– I’m super excited to announce that pre-orders are open for The History of Light and Dark, a fanzine devoted to Ganondorf. I contributed a short story and a short comic about Wind Waker Ganondorf to the zine, which is suitably powerful and massive. You can follow the zine on Twitter (here) and pick up a copy from their online store (here).

– Pre-orders are also open for Memorabilia, a stylish fanzine about the archaeology and architecture of Breath of the Wild. I’ve got a story about the Akkala Citadel Ruins there, and the other stories, essays, and illustrations are gorgeous. You can follow the zine on Twitter (here) and pick up a copy from their online store (here).

– Pre-orders are still open for Ties of Time, a sweet and charming fanzine celebrating Ocarina of Time and Majora’s Mask. I contributed a short story about ten-year-old Ganondorf sneaking into Hyrule Castle, and the other stories and illustrations are similar journeys into the unexplored corners of Hyrule. You can follow the zine on Twitter (here) and pick up a copy from their online store (here).

( You can follow me on Patreon if you’d like to support my work! )

Year of the Ox

Happy Lunar New Year! And best wishes for a strong a gentle new year.

I submitted this illustration to the Goodbye 2020/Hello 2021 collaborative zine put together by the organizers of the DC Zinefest. I loved their 2020 collabzines about Halloween and COVID-19, so I jumped at the chance to participate in this one. I wanted to draw something much angrier and more political, but I ended up settling on the theme of “support and recovery.” I’m probably more furious at this particular moment than I have ever been in my life, but I also feel like I have a duty to be kind and not post upsetting things on social media while everyone is stuck inside, trapped in Zoom meetings and “essential” jobs, and dealing with poverty, eviction, and life-threatening illness. I’ve got a lot of material saved up, though, so once we get this vaccine I am going to go wild.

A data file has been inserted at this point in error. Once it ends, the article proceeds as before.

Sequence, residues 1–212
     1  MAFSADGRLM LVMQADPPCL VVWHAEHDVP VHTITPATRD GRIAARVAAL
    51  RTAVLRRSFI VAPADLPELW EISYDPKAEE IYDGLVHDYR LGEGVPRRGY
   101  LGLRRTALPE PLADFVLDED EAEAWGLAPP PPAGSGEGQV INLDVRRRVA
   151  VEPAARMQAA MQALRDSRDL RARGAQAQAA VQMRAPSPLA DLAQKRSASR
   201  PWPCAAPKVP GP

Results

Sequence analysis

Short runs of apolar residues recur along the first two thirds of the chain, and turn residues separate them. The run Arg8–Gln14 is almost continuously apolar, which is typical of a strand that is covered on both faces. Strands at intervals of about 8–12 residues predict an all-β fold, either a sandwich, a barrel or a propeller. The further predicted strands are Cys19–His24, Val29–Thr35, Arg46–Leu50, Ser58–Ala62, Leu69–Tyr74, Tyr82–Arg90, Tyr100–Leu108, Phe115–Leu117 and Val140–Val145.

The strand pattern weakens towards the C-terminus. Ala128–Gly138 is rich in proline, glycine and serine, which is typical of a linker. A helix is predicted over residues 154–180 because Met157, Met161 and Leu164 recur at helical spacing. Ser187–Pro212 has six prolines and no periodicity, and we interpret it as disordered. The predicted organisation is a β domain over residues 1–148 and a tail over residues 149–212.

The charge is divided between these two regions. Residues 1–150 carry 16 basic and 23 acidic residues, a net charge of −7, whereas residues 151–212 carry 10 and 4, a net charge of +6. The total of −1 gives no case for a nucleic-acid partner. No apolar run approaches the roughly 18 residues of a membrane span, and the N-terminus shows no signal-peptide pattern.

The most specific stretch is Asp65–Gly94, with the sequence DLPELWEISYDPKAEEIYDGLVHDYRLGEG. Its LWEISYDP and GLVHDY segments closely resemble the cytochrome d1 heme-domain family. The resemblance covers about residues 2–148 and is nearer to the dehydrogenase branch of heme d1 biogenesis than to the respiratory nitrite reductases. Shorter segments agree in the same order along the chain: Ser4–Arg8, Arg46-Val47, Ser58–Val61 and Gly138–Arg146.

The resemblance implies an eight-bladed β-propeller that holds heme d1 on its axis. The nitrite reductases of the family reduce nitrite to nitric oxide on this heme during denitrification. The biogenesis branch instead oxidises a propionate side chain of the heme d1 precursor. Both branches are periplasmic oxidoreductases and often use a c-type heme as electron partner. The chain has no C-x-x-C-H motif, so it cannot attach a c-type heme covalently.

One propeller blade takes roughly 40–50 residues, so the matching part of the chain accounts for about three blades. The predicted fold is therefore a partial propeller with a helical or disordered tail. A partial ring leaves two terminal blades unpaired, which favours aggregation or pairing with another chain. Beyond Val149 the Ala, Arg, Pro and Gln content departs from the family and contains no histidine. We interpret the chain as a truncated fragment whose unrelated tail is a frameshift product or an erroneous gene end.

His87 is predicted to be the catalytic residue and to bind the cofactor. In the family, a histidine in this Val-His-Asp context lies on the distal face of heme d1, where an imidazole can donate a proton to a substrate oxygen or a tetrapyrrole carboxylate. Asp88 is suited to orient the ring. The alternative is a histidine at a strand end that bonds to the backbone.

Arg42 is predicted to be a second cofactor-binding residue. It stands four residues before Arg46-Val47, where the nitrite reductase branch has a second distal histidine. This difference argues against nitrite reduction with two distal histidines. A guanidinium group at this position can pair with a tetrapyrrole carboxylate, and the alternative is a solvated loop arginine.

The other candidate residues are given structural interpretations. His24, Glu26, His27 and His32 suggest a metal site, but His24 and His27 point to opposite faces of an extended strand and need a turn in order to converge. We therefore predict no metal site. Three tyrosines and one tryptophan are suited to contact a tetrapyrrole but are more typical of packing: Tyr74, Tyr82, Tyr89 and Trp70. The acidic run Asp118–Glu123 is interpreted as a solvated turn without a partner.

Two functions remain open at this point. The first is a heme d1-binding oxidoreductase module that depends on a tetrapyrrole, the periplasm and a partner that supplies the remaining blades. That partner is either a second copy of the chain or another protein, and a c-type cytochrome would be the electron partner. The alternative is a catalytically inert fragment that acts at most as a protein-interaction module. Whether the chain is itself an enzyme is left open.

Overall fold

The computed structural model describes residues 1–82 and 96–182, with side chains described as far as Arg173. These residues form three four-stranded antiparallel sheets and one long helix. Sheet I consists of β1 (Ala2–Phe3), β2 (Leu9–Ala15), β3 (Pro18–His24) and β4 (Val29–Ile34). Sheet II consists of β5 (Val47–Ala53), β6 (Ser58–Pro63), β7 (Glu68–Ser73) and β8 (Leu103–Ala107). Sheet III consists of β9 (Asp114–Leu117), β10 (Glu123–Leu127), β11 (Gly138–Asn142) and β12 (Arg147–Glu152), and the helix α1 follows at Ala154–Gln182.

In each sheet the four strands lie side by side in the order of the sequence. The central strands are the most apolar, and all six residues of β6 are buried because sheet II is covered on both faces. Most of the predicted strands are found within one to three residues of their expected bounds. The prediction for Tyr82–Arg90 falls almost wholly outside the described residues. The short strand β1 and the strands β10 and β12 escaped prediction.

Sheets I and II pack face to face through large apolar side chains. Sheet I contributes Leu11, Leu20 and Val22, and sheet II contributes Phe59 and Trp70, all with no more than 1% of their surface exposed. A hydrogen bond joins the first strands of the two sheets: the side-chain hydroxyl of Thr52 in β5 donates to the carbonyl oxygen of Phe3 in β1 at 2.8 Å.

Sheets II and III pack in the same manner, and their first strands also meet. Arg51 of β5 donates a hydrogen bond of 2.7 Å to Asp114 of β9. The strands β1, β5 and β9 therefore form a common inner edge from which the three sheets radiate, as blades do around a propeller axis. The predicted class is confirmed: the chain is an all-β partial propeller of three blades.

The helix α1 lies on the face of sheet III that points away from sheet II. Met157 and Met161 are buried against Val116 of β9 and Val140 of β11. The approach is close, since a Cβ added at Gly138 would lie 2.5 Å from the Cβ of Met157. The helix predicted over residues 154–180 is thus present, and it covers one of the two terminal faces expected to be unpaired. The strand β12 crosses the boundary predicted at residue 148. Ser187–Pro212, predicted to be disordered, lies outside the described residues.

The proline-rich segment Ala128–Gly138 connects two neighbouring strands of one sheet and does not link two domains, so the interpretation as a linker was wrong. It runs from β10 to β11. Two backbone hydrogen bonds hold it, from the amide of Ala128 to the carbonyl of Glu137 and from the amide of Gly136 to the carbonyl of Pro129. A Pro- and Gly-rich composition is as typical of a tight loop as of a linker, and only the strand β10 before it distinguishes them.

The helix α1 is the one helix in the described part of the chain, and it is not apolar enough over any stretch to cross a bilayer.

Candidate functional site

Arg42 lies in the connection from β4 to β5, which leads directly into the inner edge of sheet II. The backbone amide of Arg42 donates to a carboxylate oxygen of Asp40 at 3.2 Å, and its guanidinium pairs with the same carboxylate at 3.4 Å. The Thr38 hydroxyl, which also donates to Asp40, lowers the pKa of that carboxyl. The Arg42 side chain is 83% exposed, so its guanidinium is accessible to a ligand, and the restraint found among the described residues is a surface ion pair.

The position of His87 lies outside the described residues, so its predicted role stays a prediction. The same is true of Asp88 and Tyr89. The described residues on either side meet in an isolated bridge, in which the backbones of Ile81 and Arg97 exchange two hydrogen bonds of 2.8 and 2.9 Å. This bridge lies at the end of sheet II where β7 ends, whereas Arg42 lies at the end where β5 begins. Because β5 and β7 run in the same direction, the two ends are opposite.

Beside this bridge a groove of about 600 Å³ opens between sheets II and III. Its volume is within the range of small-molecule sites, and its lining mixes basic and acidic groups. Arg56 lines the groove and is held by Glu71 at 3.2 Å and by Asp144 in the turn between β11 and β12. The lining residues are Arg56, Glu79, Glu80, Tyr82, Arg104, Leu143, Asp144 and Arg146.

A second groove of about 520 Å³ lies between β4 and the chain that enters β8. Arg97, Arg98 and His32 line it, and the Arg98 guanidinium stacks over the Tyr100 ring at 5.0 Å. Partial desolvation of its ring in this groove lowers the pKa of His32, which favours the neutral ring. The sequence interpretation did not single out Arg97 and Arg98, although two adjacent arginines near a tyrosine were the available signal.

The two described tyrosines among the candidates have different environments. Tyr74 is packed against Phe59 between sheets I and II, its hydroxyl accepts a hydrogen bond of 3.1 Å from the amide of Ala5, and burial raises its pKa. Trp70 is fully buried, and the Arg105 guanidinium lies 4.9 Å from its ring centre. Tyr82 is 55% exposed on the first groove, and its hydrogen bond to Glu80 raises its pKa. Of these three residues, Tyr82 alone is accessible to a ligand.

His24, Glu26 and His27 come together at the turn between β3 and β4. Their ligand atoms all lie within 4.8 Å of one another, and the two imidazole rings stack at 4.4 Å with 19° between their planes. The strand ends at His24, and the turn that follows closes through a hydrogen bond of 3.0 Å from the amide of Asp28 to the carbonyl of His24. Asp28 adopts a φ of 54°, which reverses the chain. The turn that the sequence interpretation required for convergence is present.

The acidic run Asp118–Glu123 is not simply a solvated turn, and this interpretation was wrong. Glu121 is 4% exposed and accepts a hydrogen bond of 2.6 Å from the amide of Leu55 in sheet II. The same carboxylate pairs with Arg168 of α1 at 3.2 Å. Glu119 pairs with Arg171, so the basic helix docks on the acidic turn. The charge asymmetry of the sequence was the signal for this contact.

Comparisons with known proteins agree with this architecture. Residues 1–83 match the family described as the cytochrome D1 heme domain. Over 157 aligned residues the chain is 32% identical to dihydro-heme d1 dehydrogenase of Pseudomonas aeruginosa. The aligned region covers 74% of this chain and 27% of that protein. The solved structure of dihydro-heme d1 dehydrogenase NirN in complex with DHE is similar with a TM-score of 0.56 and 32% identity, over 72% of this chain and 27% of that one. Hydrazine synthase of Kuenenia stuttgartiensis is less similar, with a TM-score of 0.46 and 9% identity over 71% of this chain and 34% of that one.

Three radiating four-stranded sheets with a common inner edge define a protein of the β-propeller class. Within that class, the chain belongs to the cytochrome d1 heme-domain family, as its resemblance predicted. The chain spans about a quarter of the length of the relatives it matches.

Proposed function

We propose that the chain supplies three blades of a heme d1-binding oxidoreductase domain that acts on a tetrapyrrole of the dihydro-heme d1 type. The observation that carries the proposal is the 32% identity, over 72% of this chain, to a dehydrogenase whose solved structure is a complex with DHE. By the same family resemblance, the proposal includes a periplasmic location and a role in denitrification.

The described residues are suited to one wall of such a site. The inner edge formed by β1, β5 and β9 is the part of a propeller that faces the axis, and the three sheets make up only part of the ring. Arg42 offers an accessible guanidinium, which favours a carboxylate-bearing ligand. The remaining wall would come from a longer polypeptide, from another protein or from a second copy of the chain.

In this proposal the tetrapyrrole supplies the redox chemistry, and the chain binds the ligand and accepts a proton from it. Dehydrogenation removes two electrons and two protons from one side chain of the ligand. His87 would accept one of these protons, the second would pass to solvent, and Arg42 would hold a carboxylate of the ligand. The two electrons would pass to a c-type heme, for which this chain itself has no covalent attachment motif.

You can follow DC Zinefest (on Twitter) and (on Instagram), and you can download free full-color and printable copies of all the collabzines they’ve organized from their website (here).

Hades

I’ve spent a lot of time playing Hades during the past two months, and I think it’s fair to say that I enjoy it. I’d like to write about brilliant its storytelling is, but first I have to explain the gameplay.

Hades is an isometric Rougelike action game, which means that the player watches from a bird’s eye view as the character runs around and kills things in randomly generated levels. Like most Rougelike games, the level of difficulty is fairly high, but the game’s optional “God Mode” allows the player-character to become incrementally more resistant to damage with each successive death. Because of the way God Mode eventually allows you to calibrate the game to your exact level of comfort, I would recommend (and have recommended) Hades to anyone who enjoys video games, even if they hate Rougelikes. Hades is a long game with a lot to discover; but, somewhat like Breath of the Wild, you have to commit to around three to four hours of learning how the game works before you get to the good stuff.

You play as Zagreus, the son of Hades, and your goal is to leave the underworld to find your mother, Persephone. You start the game in the House of Hades, where you can talk with various NPCs, buy upgrades, and choose the weapon and status-boosting “keepsake” you’ll use on your next run through the game. A complete run will take you through four levels, each of which are about ten stages long, and a final culminating boss fight. If you die, the River Styx carries you back to the House of Hades to try again from the beginning. You collect various resources during each run that you retain when you die, and you can use them to make your character stronger between runs.